BY SCHUYLER KROPF and ROBERT BEHRE
Mark Sanford and Elizabeth Colbert Busch are running distinctly different campaigns for the 1st Congressional District seat. Read how their strategies differ as they try to reach voters for the May 7 election.
Mark Sanford charged back into campaign mode Friday, hitting rival Democratic candidate Elizabeth Colbert Busch for her union support and for not committing to appear with him at events.
“To date, my opponent has refused to do any joint public appearances or debate the issues for the benefit of voters in the 1st District,” Sanford said in a statement released after days of setbacks to his congressional campaign.
Only one joint forum — an April 29 event at The Citadel — has been agreed to so far. Colbert Busch has not committed to attending the joint appearances offered by other groups. Sanford also challenged her to appear with him at 15 of his events next week, but Colbert Busch’s campaign indicated she would not join him.
Colbert Busch’s camp disputed any characterization of her running a “stealth” campaign and notified the media of four public appearances today in Beaufort County. Her spokesman, James Smith, said she has “a very aggressive” schedule leading up to the May 7 election.
She deflected Sanford’s criticism of her financial support from unions by saying she is receiving backing from across the political spectrum but is not automatically beholden to any of her donors.
“If there is anyone out there who believes that a board member of the Chamber of Commerce is in the pocket of big labor or ‘Beltway Democrats,’ I have some oceanfront property in Wyoming for you,” she said in a counter statement.
Sanford had kept a low profile after a trespassing accusation related to his divorce went public this week. The National Republican Congressional Committee pulled its support from his campaign in the wake of the revelation.
But he re-emerged on the trail Friday and defended breaking his divorce decree to watch the Super Bowl with his son by saying, “You got to make a call as a dad.”
The Republican ex-governor used a radio audience to explain why he broke the agreement to watch the Feb. 3 game with his 14-year-old son inside the home of ex-wife Jenny Sanford.
“I though it was in the best interest of him as a boy,” Sanford said on WTMA-AM radio about entering her residence while she was away and without her permission. “The Super Bowl comes around once a year.”
He also acknowledged the first media reports Tuesday of his conduct that night made his conduct sound “creepy” when he was spotted by Jenny Sanford leaving through the back of the house as she returned from out of town.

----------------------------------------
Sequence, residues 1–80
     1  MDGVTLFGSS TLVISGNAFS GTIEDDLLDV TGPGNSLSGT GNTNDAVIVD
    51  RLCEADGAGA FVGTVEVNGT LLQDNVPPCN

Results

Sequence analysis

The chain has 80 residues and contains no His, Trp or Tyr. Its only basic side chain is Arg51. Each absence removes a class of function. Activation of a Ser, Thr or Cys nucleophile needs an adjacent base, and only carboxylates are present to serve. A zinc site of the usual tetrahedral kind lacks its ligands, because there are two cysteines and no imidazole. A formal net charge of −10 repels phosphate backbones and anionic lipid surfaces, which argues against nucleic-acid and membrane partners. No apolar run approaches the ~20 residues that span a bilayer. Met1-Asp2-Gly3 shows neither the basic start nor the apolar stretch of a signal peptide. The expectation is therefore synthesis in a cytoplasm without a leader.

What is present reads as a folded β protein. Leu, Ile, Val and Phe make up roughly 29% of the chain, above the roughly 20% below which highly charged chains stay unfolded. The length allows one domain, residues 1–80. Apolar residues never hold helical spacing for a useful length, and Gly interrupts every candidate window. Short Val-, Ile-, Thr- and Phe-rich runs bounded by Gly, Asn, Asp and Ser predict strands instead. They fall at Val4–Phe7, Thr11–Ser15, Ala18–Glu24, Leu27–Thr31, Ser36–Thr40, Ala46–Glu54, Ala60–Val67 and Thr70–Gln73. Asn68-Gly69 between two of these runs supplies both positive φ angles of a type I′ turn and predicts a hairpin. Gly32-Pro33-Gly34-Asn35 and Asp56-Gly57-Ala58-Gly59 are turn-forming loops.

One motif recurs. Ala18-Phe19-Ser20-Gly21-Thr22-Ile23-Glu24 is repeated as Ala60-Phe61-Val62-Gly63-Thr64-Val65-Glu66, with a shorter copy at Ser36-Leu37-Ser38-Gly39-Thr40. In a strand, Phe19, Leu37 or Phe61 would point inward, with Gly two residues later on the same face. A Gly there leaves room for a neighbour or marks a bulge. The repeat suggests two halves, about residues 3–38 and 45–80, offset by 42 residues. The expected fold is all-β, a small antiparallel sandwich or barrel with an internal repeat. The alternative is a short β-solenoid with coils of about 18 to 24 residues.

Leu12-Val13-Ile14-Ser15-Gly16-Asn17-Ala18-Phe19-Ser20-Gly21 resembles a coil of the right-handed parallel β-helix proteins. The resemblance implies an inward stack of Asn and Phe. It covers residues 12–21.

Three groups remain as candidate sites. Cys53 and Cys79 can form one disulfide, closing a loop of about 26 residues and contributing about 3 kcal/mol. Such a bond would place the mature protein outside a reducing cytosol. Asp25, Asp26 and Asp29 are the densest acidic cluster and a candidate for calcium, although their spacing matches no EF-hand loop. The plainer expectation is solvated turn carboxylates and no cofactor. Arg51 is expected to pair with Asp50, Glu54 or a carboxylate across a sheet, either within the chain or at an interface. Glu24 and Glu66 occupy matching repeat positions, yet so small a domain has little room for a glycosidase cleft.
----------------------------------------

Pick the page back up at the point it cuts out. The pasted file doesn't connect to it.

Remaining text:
He said he was not trying to sneak out of the residence, which was hers and never a part of their marriage.
“Met her, told her what had happened,” he said on the radio program, adding that he used the flashlight feature of his cellphone to illuminate a dark part of the stairs of her Sullivan’s Island residence.
During an interview with The Post and Courier afterward, Sanford declined to expand much beyond his broadcast comments.
In the radio segment, Sanford said the night started as he and his 14-year-old son were watching the first half at the home of longtime supporter Chad Walldorf, who has an annual Super Bowl party at his home, also on Sullivan’s Island.
His son didn’t like the crowd and wanted to return home to the house owned by Jenny Sanford at halftime so he could watch the rest of the game in a quieter venue, Mark Sanford said.
Jenny Sanford was out of town and he couldn’t reach her to explain their plans, so Sanford said he made a father’s decision to go inside. “You say, ‘Am I going to let him sit there and watch the game alone, or I’m going to go in and watch it with him,’ ” Sanford said.
When Jenny Sanford returned, she questioned why he was there. “She said, ‘That’s against our rules and I’m going to file something,’ ” Sanford said of the conversation. “I said, ‘That’s fair enough. You got to do whatever you got to do and we can let somebody decide.’
“I think I made the call I had to make,” and that when the reason is put into the context of potentially leaving his son alone, his explanation is valid, he said.
Jenny Sanford did not respond to an interview request Friday. But their divorce settlement includes the phrasing “both husband and wife shall live in such places as each may desire, and neither will hereafter enter into the residence of the other without the specific permission of the other.”
The couple has a May 9 appearance date scheduled in Charleston County Family Court to address the trespassing issue. Jenny Sanford’s filings say Mark Sanford has shown a history of trespassing.
He said much of the fallout is part of the complications that go with divorce.
Divorce is a commonality the two candidates have. The Sanfords divorced in 2009 after he admitted his affair with Argentine-born Maria Belen Chapur, now his fiancee. Colbert Busch also had a difficult divorce and aftermath.
She was granted a divorce from her first husband, Robert W. Legare, in August 1987. Court records show the couple continued to fight in court over unpaid child support, insurance and Legare’s visitation rights.
In November 1988, Family Court Judge Mendel Rivers Jr. issued an order saying they had “failed miserably” to resolve their differences in the children’s best interest and ordered them both confined to the Charleston County jail for 24 hours.
Their divorce file shows their issues calmed down after 1989, and she married Claus Busch four years later.
Sanford also used Friday’s radio appearance with morning host Tara Servatius to rekindle his theme that Colbert Busch would be a reliable vote for Democrats in Congress.
Reach Schuyler Kropf at 937-5551. Reach Robert Behre at 937-5771.